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Professor Flora Samuel elected first RIBA Vice President for Research – University of Reading

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Professor Flora Samuel elected first RIBA Vice President for Research

Release Date 09 January 2018

Flora

Professor Flora Samuel has been elected the first Vice President for Research at the Royal Institute of British Architects (RIBA).

A professor of architecture at the University of Reading, Flora's success in fighting to push research higher up the RIBA's agenda has resulted in the creation of, and her election to, the post of Vice President for Research at the RIBA.

Flora has been championing the importance of research through her project 'Evidencing and Communicating the Value of Architects'. This project focuses on the development of research in architectural practice, supporting architects to demonstrate their value through research.

Jane Duncan, RIBA President 2015-2017 said: "Flora has worked tirelessly to promote the cause of research at the RIBA and amongst the profession over the last five years."

Ben Derbyshire, RIBA President elect, said that Flora's project has played an important role in "turning the tide of the profession towards research."

Although the RIBA was conceived to advance the cause of architectural knowledge, research has had a low priority within the organisation, as evidenced by the presence of the Research and Innovation Group at the lowest level of its organisational structure. To support the development of her project Flora was elected as a National Member of the RIBA Council, which is a body of 70, including only three full-time academics. She has been a member of the RIBA Research and Innovation group for five years and is currently the Chair.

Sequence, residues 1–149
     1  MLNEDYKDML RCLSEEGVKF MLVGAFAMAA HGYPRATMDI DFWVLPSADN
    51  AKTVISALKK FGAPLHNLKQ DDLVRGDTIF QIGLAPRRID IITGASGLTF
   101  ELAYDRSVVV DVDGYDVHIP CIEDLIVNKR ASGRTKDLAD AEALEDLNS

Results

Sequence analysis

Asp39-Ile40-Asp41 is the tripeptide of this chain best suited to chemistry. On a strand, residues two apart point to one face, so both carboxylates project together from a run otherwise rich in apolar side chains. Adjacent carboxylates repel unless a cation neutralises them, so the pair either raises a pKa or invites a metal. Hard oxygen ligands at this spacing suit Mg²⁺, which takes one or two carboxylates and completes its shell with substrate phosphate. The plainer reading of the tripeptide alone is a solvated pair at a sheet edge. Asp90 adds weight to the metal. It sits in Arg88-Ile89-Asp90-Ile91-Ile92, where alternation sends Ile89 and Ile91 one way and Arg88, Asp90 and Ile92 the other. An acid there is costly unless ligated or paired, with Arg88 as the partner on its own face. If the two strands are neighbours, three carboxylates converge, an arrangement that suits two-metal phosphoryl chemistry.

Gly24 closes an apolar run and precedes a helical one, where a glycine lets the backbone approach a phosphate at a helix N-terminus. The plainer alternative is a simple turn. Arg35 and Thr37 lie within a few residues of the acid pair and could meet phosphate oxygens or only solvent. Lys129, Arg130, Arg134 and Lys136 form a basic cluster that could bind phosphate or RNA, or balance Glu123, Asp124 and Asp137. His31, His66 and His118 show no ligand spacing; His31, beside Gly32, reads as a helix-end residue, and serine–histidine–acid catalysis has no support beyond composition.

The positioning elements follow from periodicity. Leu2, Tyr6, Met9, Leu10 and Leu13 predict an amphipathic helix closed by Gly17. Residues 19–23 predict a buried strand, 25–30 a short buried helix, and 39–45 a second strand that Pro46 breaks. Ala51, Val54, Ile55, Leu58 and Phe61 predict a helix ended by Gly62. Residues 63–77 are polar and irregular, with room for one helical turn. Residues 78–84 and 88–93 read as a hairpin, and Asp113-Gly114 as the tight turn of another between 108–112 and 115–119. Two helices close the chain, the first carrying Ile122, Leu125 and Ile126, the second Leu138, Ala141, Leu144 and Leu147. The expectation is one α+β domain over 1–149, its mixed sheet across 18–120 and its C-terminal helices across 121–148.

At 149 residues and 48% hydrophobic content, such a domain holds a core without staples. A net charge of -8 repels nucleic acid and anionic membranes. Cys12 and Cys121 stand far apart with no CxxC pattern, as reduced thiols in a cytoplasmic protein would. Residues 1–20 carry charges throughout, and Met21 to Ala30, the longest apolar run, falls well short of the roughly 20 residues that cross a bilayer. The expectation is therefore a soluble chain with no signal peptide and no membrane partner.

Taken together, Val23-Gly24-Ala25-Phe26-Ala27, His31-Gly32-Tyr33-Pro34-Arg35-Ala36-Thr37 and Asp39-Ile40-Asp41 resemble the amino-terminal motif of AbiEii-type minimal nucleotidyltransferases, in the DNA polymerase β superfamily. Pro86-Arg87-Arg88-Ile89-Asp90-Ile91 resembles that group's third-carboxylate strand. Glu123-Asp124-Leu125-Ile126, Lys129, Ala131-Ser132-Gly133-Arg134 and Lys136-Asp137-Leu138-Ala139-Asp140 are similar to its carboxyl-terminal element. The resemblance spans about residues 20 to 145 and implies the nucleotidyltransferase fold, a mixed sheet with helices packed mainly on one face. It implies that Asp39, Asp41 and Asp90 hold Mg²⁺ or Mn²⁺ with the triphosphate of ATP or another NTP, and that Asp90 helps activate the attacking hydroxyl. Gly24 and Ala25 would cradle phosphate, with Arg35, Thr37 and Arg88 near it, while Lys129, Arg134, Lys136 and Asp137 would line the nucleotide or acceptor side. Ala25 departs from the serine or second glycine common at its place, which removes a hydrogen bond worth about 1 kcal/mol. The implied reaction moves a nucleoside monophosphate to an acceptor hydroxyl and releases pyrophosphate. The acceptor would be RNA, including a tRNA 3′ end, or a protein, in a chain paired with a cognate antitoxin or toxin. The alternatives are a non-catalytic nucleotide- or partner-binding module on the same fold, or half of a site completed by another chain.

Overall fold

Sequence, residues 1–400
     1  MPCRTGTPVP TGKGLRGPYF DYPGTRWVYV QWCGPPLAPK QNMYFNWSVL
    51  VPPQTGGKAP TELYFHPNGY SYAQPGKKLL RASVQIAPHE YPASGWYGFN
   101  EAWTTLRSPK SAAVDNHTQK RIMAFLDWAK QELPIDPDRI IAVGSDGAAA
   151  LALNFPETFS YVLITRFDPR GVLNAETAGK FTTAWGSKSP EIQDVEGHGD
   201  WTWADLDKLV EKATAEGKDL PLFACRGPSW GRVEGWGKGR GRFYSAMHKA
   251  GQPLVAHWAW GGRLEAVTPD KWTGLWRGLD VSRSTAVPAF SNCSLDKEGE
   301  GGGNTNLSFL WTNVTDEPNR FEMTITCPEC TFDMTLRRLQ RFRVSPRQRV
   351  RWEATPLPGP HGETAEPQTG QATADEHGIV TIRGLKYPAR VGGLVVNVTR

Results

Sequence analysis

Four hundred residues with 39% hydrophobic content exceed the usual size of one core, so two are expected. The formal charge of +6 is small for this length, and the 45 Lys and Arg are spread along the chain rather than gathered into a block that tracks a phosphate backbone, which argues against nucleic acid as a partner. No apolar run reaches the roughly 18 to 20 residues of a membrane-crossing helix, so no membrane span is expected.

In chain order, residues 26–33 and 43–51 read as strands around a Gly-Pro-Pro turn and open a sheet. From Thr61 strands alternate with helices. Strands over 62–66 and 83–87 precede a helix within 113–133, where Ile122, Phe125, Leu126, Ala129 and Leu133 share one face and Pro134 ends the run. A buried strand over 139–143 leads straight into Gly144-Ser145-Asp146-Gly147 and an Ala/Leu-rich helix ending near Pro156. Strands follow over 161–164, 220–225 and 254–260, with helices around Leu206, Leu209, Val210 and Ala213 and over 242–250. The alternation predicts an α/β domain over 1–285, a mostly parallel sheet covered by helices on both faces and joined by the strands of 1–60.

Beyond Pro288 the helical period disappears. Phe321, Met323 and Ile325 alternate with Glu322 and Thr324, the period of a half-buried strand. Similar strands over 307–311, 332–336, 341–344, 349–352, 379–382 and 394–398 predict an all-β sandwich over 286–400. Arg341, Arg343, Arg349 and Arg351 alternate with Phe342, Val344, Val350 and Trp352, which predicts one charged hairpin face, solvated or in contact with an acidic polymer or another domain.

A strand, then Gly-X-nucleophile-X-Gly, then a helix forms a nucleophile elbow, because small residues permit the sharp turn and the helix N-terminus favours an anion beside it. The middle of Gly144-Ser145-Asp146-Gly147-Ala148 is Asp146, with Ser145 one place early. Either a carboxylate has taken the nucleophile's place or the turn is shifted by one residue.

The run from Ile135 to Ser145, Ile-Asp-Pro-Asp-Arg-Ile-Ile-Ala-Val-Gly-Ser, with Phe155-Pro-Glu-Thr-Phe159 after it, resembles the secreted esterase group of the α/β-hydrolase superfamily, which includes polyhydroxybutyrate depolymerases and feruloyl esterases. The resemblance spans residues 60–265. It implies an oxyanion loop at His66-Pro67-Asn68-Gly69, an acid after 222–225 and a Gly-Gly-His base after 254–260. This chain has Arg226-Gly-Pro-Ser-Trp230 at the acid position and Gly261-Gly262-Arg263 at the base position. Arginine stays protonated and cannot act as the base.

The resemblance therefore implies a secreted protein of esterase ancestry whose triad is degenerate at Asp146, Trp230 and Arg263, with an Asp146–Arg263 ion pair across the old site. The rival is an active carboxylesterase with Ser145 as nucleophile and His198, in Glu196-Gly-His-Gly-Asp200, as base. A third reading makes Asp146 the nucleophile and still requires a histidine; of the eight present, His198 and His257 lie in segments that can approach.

Flora said of her new post: "People have been trying to get research to the top table of the RIBA for a long time. I am really honoured to be taking up this exciting new role."

There are widespread benefits of Flora's project and new position outside of the RIBA. The development of the knowledge economy of architectural practice will deliver important business benefits, while the increased emphasis on research will give architects the data needed to design more appropriate, productive, healthy and inspiring environments for people.

The research has also had a positive impact on the University's School of Architecture in terms of its curriculum and its aspiration to lead on the development of research in practice.

 

 

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